The Highlands refers to that part of Scotland north-west of the Highland Boundary Faul with capital in Inverness. The Scottish Gaelic name of A' Ghàidhealtachd literally means "the place of the Gaels" and traditionally, from a Gaelic-speaking point of view, includes the Western Isles and the Highlands. A wider definition of the Highlands is that used by the Scotch Whisky industry.
The Highlands contains the most mountainous terrain in Great Britain, including the highest peak, Ben Nevis. The region is largely composed of ancient rocks from the Cambrian and Precambrian periods which were uplifted during the later Caledonian Orogeny. The entire region was covered by ice sheets during the Pleistocene ice ages. The complex geomorphology includes incised valleys and lochs carved by the action of mountain streams and ice, and a topography of mountain ranges, irregularly distributed mountains whose summits have similar heights above sea-level. The weather changes very rapidly. One moment you see the hills and mountains, the next they are gone.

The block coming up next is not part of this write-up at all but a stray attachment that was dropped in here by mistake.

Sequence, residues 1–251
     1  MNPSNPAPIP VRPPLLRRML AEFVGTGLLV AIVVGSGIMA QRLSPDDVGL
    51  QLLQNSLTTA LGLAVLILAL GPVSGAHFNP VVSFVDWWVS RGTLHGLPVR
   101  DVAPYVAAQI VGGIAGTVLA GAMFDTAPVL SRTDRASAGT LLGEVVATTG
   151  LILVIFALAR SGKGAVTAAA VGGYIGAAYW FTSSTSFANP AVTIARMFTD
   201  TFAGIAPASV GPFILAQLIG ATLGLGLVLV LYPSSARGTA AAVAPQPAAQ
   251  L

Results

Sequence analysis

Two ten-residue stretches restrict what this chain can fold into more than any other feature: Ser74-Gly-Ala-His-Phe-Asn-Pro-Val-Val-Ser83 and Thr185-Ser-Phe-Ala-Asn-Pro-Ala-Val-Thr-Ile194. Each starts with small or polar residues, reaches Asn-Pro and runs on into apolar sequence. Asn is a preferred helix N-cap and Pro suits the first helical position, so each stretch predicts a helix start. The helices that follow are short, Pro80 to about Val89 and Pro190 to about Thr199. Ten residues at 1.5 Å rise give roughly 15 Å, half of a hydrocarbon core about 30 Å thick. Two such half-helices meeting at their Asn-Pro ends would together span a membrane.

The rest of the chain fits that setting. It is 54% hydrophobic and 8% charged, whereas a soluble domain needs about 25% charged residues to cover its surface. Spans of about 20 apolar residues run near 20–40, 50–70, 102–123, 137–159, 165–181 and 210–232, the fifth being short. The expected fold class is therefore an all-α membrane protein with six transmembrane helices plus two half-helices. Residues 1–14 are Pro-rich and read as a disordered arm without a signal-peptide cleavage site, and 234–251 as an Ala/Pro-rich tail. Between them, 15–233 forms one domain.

The Highlands have a mystical touch and are often portrayed as a romantic part of Scotland. The castles are often chosen as wedding venue due to their romantic nature. This is not at all strange given the stunning nature with rugged mountains, deep blue lochs and empty glens. The area is one of the most sparsely populated in Europe.